Everyone fancies themselves as a bit of a fighter. We will stand up for ourselves, defend our values and beliefs, and occasionally even engage in good ol’ fisticuffs if we feel that strongly about a matter. Yes, there’s a small part of us all that believes we’ve got what it takes to face off against one another.
Some even learn a martial art and have a good crack at it. Fight nights for amateur boxing, muay thai, and MMA are frequently held, and it’s never been easier to get matched against a willing opponent.
However, true fighters are cut from a different cloth. Very few people have the heart, determination, and mental toughness it takes to succeed in the ring, and I’m willing to bet that you aren’t one of them. Sorry to burst your bubble, but here are five reasons why competitive fighting will forever remain a pipe dream.
1. You don’t have a strong enough “why.”
We all have a calling in life, and for some, it’s fighting. Natural talent and ability will only get you so far, and to succeed in the fight game, you’re going to need more than just neat skills.
Successful fighters have a deep-rooted “why” they tap into in times of low motivation and hardship—and in the life of a fighter, there are plenty of tough times.
Everyone’s why is different, and it doesn’t matter what it is. The motivation could be money, success, a shot at fame, attracting hot girls, or just going toe-to-toe with another in the ultimate challenge.
Ask a hundred fighters what their why is, and each one will have a different answer. It really doesn’t matter what the motivation is, as long as it has profound meaning to you and is worthy of your devotion.
2. You are not obsessed with fighting.
Success 101: no matter what you choose to do in life, you need to work hard at it in order to succeed.
The only way you can sustain the tremendous effort it requires to rise to the top in your field, is to be completely obsessed with your thing.
You have to eat, sleep, and breathe, whatever it is you choose to do.
This couldn’t be truer of a fighter.
When fighters wake up in the morning, the first thing they do is put their trainers on and start the morning roadwork session. Rain, hail, or snow, whether they feel like it or not, and regardless of the pain, their body is in.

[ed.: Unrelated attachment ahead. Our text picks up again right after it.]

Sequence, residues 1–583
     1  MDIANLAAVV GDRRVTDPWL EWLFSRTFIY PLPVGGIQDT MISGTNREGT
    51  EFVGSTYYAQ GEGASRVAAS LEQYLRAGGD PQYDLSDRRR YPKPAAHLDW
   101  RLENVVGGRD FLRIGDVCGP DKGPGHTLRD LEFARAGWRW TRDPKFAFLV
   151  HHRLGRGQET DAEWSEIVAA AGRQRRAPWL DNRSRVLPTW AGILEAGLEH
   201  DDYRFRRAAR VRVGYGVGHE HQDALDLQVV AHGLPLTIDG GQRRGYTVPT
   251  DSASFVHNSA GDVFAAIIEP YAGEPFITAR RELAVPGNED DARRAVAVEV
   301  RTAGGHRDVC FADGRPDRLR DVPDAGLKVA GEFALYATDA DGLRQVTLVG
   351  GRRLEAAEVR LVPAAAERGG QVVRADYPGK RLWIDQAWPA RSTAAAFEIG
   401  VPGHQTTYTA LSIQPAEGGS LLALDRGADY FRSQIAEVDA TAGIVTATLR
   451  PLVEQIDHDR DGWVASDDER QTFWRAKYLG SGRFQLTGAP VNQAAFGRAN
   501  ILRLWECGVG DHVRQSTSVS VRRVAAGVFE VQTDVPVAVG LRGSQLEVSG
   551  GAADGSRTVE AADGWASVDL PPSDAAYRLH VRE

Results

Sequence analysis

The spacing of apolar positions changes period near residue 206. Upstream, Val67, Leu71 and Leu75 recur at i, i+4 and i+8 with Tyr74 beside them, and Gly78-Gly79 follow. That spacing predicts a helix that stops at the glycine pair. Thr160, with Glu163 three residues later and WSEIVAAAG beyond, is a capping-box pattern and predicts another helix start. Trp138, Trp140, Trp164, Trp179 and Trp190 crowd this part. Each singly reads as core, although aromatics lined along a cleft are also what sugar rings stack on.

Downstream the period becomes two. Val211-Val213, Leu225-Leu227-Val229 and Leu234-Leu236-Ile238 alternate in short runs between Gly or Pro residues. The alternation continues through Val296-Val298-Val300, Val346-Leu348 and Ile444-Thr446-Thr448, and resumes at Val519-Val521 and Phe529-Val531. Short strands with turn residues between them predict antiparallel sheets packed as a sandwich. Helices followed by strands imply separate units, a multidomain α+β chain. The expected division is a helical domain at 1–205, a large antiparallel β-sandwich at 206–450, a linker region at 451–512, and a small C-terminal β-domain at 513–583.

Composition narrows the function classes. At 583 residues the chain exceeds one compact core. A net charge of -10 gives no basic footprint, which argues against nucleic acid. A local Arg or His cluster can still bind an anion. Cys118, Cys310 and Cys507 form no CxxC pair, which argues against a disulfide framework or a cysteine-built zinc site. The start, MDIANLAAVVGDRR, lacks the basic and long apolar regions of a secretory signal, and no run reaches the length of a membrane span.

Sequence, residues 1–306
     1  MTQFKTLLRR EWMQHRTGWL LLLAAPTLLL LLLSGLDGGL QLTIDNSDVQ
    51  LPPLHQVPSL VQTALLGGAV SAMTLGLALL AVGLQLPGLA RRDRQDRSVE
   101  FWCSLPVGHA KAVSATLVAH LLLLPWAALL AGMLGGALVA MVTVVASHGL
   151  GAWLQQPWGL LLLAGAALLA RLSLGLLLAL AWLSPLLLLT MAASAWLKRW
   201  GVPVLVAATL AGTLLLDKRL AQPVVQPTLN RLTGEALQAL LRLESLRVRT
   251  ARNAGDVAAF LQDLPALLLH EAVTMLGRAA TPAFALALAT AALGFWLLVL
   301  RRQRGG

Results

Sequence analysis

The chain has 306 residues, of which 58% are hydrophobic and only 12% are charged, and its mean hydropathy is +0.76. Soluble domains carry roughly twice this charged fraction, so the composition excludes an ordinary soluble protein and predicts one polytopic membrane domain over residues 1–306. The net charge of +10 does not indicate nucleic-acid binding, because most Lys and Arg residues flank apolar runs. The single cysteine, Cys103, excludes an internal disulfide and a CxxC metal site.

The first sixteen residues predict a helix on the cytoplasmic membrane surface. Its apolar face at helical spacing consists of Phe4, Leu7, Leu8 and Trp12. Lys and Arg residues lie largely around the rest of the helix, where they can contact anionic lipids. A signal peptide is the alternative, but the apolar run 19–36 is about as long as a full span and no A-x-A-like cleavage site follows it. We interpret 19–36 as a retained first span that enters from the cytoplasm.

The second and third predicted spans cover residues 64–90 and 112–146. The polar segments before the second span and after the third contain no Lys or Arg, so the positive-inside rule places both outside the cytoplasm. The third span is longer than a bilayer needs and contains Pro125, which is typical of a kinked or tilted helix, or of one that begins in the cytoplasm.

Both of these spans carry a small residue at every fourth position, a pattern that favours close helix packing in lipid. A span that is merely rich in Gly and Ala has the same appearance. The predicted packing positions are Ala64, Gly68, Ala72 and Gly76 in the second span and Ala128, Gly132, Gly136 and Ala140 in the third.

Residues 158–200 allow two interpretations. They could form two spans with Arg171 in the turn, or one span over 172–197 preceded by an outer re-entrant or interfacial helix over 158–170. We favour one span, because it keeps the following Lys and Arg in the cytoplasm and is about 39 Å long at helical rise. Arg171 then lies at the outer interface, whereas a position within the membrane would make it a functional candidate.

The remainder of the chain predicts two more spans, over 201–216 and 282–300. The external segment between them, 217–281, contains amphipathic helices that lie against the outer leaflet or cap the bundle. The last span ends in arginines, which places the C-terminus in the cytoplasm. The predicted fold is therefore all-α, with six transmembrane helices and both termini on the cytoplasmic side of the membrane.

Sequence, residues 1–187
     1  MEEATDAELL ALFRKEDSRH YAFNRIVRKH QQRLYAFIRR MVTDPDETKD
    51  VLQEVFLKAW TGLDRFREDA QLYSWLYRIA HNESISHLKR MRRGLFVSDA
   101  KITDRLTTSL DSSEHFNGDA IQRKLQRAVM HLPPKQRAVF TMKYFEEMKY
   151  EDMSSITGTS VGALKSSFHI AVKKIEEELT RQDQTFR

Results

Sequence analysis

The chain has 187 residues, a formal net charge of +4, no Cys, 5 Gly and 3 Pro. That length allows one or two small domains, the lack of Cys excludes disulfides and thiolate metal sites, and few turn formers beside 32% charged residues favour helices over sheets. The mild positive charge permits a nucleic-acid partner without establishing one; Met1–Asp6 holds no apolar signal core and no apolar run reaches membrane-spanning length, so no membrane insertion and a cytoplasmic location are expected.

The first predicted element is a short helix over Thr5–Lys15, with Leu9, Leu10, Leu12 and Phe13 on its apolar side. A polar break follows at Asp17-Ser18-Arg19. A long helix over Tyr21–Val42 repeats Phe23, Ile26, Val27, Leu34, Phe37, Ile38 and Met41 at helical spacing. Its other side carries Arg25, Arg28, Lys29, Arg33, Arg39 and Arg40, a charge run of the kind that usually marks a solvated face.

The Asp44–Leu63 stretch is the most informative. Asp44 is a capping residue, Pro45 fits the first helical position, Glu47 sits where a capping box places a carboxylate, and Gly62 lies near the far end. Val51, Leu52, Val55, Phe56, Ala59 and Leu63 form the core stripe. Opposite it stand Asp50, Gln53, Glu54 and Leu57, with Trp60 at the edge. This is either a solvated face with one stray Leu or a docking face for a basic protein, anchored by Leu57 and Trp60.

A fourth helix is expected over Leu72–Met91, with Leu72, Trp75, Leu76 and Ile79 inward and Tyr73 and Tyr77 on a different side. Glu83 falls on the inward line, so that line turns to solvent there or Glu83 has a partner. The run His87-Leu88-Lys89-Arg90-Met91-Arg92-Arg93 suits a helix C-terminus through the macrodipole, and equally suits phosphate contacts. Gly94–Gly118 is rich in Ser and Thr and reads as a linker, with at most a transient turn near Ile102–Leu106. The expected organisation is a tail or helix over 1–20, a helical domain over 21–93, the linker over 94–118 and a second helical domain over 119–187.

When they’re not training, they’re thinking about training, and agonizing over what they can do to become that little bit better than the competition. When they eat, only nutritious foods that fuel intense workouts pass their lips. Fighting and training is on their mind 24/7, and they prioritize it over socializing, leisure time, and even family and friends.
This is the level of commitment it takes.
If you’re not completely obsessed with fighting to the point where you shadowbox on autopilot while you work, eat, and even while you sleep, find a new hobby.
3. You’re only fueled by anger.
Fighters are not angry people. While they compete in an aggressive sport, most live balanced and successful lives outside of the ring. If anger is all you have, then you can kiss your shot of becoming a fighter goodbye. You see, anger is only a temporary motivator, and something will come along and extinguish your hot-headedness. Whether it is the meeting of a soulmate, the birth of a child, or some life-changing epiphany, your hatred and venom will eventually fade.
And as all professional fighters know; it’s better to stay cool, calm and collected in a fight in any case. That way you’re not likely to make mistakes or take unnecessary risks.
4. You don’t have faith in yourself.
While a certain amount of self-belief is required to be successful in all of life’s endeavors, fighting calls for an unshakable belief in yourself. You have to know that you are the one.
You have to truly believe you are stronger, faster, and technically better than your opponent.
Harbor just the slightest feeling of self-doubt, weakness, or inferiority, and you’ve already assigned yourself to defeat.
Nowhere is this truer than when fighters stare into each others eyes at the beginning of a bout. You can predict the winner in nine out of ten fights, as he’ll be the one that holds eye contact the longest. The fighter that believes without a doubt that they are going to win isn’t scared to look their opponent in the eyes.
5. You can’t handle pain.
Call it stating the bleeding obvious, but fighters endure a lot of pain.
I’m not just talking about the persistent niggles felt during training, but unbearable pain that would bring an ordinary person to their knees. And best of all? As a fighter, you have to feel the pain, and push through it.
No matter where your pain threshold lies, fighting will take you there, and beyond.
There will be times when all you want to do is go down on one knee and cry out that you’ve had enough. But you can’t. Fighters don’t quit. Ever. They fight till death—or at least until the bell of the last round dings.
Answer this question truthfully, as in it, lies your mental fortitude for becoming a fighter: would you continue to fight despite being exhausted, wounded, and with no chance of winning?
Still not put off?
Some people will read this and think “so what? Big deal.” Nothing you’ve said has fazed me, and I’m still going to take on any man that dares to lay down the gauntlet.
To the battle-hardened few that compete, whether as a hobby or professionally, I salute you. Fighting is the ultimate form of competition, and only a small percentage of people have what it takes to succeed in this arena.
If you believe this is you, my parting advice is this: if you dream of becoming a fighter, ensure your reasons for doing so are worth dedicating your life to.